Music Hall DAC 25.3 USB Digital Audio Converter

General Information

usb input accepts 24bit/96kHz signal
electro-harmonix 6922 tube single-ended (rca) output
solid-state differential balanced output
ti PCM 1796 24bit/192kHz DAC
ti SRC 4192 asynchronous sample rate converter
high precision active crystal oscillator master clock
user selectable 96kHz or 192kHz upsampling
asynchronous reclocking and anti jitter control system
8 x oversampling digital filter
4 digital inputs: coax (s/pdif), optical, XLR (AES/EBU), or USB
2 gold plated outputs; single ended (RCA), balanced (XLR)
headphone output with adjustable analog volume control
large high current oversize r-core power transformer
thick brushed aluminum fascia and solid chassis
110v/220v voltage selectable transformer
detachable power cord
Today an increasing number of music lovers are buying storing and listening to music through their computer, media server, or personal music player (iPod). Many are also digitally distributing their music using a sonos, squeezebox, or one of a host of digital music distribution systems available on the market. This is a great way to explore and appreciate music but generally it's done at the expense of sound quality. Until now music lovers have been forced to rely on the inferior digital to analog converters (DACs) and sounds cards contained in those devices. As a result, their musical enjoyment has dramatically suffered. We designed the dac25.3 to directly address this problem and to significantly improve the sound quality of the music played on these systems.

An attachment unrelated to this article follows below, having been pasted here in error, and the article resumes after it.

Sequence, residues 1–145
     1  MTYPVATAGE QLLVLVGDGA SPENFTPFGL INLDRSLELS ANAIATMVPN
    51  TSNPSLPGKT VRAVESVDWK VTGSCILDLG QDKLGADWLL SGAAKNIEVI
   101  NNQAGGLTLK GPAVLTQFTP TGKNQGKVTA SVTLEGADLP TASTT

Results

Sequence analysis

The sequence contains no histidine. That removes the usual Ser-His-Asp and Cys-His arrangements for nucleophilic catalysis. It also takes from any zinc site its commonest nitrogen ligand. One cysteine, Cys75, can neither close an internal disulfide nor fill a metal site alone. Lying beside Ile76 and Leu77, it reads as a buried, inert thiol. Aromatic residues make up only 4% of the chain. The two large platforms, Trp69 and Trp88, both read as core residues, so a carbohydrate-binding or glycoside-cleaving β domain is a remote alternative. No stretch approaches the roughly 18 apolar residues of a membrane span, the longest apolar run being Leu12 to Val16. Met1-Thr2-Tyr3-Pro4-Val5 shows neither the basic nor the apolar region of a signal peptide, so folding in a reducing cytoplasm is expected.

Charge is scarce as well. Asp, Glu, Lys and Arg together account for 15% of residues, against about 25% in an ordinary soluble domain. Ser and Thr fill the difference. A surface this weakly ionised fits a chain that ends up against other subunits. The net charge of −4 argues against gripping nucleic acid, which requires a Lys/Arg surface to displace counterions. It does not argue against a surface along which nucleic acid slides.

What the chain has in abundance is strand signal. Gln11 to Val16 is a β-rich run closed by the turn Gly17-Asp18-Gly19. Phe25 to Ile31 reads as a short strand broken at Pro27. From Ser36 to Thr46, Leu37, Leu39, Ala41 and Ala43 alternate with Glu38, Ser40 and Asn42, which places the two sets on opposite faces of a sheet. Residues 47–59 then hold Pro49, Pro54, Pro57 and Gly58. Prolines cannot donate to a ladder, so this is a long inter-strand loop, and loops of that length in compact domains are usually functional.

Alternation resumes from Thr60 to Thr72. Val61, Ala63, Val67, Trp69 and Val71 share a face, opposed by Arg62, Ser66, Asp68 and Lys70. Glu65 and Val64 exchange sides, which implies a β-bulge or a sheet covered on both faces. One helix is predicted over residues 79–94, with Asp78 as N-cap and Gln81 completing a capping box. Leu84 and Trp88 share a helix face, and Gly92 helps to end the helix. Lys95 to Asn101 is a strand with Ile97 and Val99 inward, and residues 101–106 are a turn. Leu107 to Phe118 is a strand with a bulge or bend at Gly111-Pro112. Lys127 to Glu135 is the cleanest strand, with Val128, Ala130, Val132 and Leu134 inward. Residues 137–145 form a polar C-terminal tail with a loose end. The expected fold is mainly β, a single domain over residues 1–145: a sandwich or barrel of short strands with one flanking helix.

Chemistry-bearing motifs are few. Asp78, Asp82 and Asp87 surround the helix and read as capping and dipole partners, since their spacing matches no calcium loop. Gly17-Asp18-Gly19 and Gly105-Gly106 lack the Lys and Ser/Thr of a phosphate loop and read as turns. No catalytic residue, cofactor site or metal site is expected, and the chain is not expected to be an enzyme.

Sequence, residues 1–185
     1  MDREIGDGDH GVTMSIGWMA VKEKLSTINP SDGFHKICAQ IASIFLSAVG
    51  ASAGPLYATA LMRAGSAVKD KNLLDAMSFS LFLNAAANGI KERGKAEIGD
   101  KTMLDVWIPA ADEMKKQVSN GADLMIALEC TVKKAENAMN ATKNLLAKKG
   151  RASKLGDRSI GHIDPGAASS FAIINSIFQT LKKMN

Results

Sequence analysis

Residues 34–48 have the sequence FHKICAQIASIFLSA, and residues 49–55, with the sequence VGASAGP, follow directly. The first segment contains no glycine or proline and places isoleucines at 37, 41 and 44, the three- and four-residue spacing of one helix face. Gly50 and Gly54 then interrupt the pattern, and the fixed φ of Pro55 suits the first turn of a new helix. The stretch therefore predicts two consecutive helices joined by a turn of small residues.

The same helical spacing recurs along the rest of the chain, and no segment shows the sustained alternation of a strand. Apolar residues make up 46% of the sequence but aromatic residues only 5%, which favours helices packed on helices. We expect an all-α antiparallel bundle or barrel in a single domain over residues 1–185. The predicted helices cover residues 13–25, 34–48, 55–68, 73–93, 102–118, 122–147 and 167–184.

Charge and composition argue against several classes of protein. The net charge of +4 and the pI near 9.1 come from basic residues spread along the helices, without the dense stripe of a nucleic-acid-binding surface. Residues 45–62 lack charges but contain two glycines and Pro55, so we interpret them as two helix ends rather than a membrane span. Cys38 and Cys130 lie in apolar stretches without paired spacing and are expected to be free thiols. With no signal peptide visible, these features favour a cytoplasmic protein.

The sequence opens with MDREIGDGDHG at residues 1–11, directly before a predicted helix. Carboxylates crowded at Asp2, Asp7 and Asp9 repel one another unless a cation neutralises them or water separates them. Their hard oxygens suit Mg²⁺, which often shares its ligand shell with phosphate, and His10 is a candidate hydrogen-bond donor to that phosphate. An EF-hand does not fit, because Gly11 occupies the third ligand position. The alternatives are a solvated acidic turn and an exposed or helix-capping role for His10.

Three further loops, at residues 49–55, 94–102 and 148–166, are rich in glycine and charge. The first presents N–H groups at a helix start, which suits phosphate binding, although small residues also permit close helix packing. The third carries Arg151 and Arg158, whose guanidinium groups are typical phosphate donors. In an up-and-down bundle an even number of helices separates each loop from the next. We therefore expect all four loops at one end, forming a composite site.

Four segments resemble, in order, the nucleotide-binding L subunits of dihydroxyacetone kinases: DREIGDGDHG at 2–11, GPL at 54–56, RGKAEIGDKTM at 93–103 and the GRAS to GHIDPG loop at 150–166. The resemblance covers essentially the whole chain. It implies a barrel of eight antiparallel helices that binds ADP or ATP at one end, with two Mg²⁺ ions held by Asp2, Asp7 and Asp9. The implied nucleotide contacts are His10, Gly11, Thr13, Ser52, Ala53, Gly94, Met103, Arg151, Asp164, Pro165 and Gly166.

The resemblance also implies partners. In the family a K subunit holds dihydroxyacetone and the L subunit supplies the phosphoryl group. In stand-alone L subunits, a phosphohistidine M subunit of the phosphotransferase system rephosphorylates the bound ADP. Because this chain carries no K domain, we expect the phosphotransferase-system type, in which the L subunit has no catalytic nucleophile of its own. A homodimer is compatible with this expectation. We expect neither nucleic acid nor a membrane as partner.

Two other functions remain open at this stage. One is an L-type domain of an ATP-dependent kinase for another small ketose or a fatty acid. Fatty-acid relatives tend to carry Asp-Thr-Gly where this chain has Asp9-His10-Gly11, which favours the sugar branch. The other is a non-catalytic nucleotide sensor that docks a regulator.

By uniting a state of the art digital to analog converter with a tube output we produce the clarity precision of a 24bit DAC with warm rich open sound people love of tubes. The dac25.3 has 4 digital inputs which can accept coax (s/pdif), optical, XLR (AES/EBU), or USB digital input from an iPod transport, computer, media server, sonos, squeezebox, CD/DVD in stereo transport, music hall's own cd35.2 compact disc player, it will output two channel stereo analog.

Latest reviews

Pros: Awesome build quality, ease of use, price
Cons: Lack of bass, added distortion due to the tube, no USB cable included
SPECS: ( from Music Hall )
Years ago I borrowed a Music Hall 15.2 and compared it to the HeadRoom Ultra Desktop amp/DAC I had at the time. I enjoyed its sound and build quality so much that it stuck in my mind for years. I’ve been through a ton of gear since and want to revisit Music Hall’s products to see how they compare. My current setup consists of a Grace Design m903 amp/DAC, Schiit Bifrost 4490 DAC, and a HeadRoom Balanced Ultra Desktop Amp.
One great thing about the 25.3 is that you can plug just about any digital source into it. I tested the Optical and USB inputs and made quick comparisons against the Grace m903. Using Windows 10 I found no problems installing the USB driver. This cannot be said for USB DACs from companies like Schiit. I still haven’t been able to install their drivers.
Immediately I noticed that there is harshness to the treble using both a pair of HiFiMAN HE-400i and Audio Technica ATM-R70x headphones. Going back and forth between the Grace’s USB input and the 25.3’s it was evident that the 25.3 was harsher in the treble. Treble peaks in guitar and voices were piercing. After 20 minutes the 25.3 mellowed out and sounded much closer to the Grace so perhaps it was added distortion from the tube warming up.